So, about that question of whether there’s enough meat on this story’s bones, I’d say it’s a tossup. There’s no doubt that the snake-fight storyline, however long delayed, is tough to top. That results in the addition of some less-interesting scenes — like one about a jerk of a sugar-beet farmer (Matthew Bryan Feld) and his put-upon workers. There’s also a series of ultimately unsatisfying scenes with a character named Buckskin Bill (Michael Genet), at first a pen pal for Kate and later another potential spouse who ultimately leaves her hanging.

Despite the truly courageous snake massacre, Rattlesnake Kate is ultimately about an everywoman making her way through a world in hopes that some way, somehow, tomorrow will be a better day. Her indefatigable spirit is an inspiration as much as her lack of spine in the husband department is a constant disappointment. (True or not, that aspect of the story annoyed my wife enough to dampen her enthusiasm for the whole thing.)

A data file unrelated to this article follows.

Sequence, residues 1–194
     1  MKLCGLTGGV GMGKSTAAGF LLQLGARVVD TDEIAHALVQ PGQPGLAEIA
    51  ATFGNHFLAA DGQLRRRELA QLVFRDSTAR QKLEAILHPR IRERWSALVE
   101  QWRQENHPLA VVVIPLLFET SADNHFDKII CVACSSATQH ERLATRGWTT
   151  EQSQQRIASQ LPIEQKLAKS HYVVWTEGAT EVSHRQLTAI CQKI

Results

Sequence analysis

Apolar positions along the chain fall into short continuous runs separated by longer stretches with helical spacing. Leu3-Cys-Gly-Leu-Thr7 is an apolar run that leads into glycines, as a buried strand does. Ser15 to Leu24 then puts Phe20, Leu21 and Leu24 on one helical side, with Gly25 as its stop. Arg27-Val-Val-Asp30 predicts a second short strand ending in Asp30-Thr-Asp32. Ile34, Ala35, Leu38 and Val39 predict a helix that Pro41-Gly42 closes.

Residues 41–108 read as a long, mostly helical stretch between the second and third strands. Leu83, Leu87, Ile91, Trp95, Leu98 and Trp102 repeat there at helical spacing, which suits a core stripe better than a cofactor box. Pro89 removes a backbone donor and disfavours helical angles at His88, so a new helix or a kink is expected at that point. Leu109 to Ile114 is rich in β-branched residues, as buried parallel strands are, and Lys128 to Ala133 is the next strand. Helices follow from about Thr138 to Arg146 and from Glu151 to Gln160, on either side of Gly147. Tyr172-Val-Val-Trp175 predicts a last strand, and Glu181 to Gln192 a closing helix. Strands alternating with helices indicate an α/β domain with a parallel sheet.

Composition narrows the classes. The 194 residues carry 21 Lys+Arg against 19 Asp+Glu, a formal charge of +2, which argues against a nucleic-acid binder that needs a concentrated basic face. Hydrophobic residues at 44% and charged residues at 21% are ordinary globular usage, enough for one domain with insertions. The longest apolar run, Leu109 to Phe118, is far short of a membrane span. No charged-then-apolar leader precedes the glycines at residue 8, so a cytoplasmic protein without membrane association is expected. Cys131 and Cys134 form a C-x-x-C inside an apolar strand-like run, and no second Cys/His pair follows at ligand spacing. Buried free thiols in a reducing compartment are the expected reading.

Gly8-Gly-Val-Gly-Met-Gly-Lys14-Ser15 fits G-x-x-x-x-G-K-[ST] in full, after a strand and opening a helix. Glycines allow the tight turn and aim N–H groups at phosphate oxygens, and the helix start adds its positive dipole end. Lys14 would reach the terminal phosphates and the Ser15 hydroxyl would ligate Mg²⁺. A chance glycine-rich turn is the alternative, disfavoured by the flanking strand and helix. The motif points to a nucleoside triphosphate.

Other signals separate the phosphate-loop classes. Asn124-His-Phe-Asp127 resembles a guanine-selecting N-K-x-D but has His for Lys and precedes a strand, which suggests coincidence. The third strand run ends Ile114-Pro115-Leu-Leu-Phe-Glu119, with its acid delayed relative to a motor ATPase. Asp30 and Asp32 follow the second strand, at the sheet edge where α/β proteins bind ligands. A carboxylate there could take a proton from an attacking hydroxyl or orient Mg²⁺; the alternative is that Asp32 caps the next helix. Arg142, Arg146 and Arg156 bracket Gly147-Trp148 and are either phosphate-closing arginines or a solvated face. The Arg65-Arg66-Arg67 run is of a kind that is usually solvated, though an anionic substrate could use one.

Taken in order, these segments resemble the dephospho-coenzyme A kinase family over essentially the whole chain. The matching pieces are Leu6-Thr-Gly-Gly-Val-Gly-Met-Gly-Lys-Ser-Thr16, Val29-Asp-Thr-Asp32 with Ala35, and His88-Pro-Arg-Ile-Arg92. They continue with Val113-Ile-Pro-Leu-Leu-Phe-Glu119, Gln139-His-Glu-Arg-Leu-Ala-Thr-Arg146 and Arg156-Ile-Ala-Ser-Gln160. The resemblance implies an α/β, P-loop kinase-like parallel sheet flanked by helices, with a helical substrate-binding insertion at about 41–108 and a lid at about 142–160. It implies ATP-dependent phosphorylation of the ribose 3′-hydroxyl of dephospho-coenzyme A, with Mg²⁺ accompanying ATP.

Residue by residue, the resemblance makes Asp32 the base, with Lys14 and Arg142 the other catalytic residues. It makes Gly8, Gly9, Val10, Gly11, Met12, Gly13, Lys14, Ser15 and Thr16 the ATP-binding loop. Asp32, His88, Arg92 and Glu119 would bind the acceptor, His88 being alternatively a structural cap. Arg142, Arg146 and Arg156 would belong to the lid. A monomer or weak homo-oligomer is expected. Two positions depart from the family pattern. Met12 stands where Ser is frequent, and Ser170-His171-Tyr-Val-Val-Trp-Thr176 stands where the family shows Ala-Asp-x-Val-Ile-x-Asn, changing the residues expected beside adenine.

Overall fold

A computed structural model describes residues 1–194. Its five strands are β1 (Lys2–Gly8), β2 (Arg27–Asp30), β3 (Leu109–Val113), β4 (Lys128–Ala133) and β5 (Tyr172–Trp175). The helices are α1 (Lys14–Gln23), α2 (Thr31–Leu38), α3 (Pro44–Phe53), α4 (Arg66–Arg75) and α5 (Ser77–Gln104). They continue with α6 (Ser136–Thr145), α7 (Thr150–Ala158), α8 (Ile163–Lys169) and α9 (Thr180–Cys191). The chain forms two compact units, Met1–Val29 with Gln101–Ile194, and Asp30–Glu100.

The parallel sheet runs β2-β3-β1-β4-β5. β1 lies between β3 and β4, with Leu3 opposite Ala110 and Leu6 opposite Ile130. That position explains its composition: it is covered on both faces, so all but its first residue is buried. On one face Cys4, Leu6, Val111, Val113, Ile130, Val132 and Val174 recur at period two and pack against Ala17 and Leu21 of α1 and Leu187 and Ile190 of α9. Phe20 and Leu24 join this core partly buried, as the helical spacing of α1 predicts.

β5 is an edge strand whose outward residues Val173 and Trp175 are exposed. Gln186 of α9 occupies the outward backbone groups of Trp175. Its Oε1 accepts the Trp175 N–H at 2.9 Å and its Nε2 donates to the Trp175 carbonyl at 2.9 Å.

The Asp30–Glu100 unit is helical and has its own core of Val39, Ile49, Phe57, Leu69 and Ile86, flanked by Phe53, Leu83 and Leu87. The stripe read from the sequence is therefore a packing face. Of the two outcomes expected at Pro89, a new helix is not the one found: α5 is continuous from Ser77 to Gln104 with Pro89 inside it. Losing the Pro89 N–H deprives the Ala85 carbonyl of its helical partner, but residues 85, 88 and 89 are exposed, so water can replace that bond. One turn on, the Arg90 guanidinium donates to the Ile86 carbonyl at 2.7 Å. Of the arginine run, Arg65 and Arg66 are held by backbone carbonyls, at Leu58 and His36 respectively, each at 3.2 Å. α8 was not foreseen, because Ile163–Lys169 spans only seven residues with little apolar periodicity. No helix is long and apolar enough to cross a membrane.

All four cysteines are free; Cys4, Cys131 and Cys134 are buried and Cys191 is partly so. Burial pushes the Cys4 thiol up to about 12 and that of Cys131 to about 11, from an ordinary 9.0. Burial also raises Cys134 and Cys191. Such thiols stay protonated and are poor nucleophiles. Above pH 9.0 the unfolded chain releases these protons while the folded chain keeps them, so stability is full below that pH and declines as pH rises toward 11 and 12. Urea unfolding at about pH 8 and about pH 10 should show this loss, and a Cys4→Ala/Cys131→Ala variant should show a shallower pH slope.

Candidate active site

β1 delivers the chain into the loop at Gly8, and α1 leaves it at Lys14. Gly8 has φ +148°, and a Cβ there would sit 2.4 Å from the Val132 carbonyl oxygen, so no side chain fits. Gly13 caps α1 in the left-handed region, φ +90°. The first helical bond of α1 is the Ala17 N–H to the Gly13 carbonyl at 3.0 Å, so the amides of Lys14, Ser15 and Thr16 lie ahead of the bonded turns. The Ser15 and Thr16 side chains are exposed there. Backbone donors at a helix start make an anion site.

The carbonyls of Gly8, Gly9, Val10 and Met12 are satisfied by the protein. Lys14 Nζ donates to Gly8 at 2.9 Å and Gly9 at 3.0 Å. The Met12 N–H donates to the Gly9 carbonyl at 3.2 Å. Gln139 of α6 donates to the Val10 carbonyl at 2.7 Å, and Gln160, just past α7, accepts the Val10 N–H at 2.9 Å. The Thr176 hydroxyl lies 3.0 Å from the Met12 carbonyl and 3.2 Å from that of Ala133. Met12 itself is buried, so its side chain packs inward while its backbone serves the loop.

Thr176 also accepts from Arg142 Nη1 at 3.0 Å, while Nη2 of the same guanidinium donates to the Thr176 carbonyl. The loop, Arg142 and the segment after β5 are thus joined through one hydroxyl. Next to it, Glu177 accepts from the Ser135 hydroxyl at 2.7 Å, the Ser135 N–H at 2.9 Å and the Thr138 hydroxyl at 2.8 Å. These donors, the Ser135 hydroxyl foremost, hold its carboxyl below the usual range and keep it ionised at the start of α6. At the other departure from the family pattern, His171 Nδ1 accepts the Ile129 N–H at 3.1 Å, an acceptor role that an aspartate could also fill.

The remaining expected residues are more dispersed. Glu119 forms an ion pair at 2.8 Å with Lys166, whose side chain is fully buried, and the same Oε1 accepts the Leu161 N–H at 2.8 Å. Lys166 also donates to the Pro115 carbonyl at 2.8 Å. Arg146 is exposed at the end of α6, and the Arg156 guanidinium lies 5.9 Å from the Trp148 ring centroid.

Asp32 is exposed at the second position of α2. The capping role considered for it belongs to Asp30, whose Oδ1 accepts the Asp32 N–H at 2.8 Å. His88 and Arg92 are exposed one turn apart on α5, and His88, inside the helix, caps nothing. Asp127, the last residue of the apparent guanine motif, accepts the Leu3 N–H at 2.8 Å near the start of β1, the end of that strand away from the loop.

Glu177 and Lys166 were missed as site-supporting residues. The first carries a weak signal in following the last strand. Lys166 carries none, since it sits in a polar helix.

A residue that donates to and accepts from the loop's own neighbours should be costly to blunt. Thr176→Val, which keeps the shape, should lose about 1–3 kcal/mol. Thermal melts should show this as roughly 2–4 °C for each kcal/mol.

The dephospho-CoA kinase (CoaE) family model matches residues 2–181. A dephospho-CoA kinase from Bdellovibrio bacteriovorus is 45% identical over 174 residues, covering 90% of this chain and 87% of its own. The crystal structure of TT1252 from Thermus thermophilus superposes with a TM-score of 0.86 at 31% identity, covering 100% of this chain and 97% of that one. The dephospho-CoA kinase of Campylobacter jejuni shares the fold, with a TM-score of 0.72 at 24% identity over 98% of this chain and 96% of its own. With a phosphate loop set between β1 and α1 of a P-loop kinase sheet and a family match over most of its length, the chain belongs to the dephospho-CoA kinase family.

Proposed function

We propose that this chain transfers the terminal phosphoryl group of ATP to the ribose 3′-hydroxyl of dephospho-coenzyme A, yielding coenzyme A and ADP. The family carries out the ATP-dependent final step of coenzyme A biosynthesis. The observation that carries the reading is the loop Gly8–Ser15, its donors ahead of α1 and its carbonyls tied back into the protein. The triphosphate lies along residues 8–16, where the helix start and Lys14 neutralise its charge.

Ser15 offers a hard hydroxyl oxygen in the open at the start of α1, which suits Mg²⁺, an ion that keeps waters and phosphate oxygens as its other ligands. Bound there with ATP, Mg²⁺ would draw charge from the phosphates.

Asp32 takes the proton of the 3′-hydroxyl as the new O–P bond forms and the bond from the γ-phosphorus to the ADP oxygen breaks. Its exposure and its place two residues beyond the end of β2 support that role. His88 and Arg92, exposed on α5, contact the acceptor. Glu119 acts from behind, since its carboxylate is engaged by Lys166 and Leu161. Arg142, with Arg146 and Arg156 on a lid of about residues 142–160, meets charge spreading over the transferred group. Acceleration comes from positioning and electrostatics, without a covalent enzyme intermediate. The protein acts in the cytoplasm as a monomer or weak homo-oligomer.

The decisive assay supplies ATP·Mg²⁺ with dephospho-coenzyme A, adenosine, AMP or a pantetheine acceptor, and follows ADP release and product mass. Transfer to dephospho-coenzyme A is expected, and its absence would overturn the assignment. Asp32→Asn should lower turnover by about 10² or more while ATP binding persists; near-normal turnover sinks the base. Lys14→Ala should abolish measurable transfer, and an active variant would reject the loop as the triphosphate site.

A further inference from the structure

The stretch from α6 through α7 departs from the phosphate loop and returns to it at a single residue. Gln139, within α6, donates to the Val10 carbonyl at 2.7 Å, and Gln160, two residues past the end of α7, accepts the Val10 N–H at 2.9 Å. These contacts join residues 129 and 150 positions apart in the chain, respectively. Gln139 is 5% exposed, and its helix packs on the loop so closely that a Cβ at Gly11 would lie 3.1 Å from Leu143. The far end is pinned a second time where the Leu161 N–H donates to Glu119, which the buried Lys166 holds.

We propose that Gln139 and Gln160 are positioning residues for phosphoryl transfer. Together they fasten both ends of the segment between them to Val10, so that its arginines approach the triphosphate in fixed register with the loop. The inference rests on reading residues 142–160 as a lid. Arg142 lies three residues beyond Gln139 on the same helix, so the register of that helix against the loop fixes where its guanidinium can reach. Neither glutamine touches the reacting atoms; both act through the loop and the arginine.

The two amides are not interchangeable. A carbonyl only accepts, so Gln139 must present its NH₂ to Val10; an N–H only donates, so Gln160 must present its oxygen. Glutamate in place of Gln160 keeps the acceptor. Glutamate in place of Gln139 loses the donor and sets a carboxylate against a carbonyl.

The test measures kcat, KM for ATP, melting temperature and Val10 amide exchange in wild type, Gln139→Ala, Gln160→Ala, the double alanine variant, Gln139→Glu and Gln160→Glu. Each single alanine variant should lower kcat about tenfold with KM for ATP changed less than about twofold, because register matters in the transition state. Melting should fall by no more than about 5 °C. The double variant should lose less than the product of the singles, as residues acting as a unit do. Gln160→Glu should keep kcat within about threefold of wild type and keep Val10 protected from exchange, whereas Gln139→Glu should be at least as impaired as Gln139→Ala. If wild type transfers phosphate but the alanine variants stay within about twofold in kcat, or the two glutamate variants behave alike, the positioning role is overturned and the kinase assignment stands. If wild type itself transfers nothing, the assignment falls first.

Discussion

Kate is neither a hero nor a villain. And despite the fact that she doesn’t scratch much out of the ground at her ranch, her persistence over many decades serves as an inspiration for those who value hard work. The use of three actors helps propel that sense of her tale being universal, and while I asked myself if it diluted my affinity for the character, Coleman’s smooth transitions between them helped it add up for me.

It’s not often that we have a Colorado native like Pekarek serve up a big Colorado musical like Rattlesnake Kate, and it’s an occasion to be celebrated. Somehow, the creation of Kate’s hard-luck story straddling the pandemic is fitting — as if Kate herself was behind it all, cussin’ and waving her snakeskins until the damn thing was finished.